With us Live we have Matthias Schranner. He knows how one must negotiate when a lot is at stake.
Mr Schranner, is a deadline any use when ones back is against the wall?
It is not a tactical deadline, but a factual deadline. The stock exchanges in Asia open at 01:00 which means Credit Suisse – CS shares will then be traded. A decision is needed. The deadline is very good as a non-agreement would be negative for CS, for them the consequences are currently not foreseeable. For UBS the deadline is negative because they must make a decision under time pressure without the possibility of a real analysis of the situation. In normal transactions there is a “due diligence” to identify and evaluate all the risks. In this case UBS does not have the possibility to do their “due diligence”.
We have no insight into this negotiation. How does one have to imagine this when negotiations take place on such a high level?
The negotiation is very complicated and complex with many different interests. From a negotiation point of view, it would be important that UBS takes the lead in the negotiations. UBS has the steering wheel in its hands and can make the most demands. Then UBS would have to specify the risks and negotiate. Now it is less of a question whether the share price is negotiated at 25 or 26 Rappen. The art of negotiation for UBS is to name the risks and put a price tag on them. These price tags are then negotiated with the stakeholders.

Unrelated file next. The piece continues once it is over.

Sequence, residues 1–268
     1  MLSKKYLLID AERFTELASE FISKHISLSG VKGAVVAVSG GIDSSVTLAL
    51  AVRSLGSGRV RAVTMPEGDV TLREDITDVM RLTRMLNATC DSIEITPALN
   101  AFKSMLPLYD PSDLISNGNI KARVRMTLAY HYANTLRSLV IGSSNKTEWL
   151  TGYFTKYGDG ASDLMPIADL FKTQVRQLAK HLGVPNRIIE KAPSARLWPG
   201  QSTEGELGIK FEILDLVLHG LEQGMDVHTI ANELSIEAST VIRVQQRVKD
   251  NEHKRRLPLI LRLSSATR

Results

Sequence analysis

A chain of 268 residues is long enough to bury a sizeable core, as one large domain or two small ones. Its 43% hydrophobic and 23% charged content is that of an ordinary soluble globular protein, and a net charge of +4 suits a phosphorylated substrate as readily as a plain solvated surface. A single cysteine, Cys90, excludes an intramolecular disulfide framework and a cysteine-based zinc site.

Hardly any information is reaching the public. It is being said that CS’s reaction to UBS’s offer was “appalled”.
One does not know whether this information comes from the negotiation or from someone outside the negotiation. If it really is genuine information, then an emotional statement like “appalled” would be out of place. One certainly does not need emotional negotiating now.
Is it also possible that misinformation is being spread here?
I don’t think so, it’s too late for that. In normal transactions, it would be normal for certain figures to be released via the media in order to turn the negotiation in a certain direction. In this negotiation there are so many risks on the table. I see it as absolutely unrealistic to enter with misinformation now and increase the risk even more.
Can there be a winner?
Most certainly not. It is not about rising from the negotiating table as a winner. It is about avoiding the worst and minimising the risks as much as possible. Concessions will have to be made by all negotiating partners. There will be negative consequences for all sides. The mistakes were not made today, the mistakes lie in the past and cannot be solved with a skilful negotiation.
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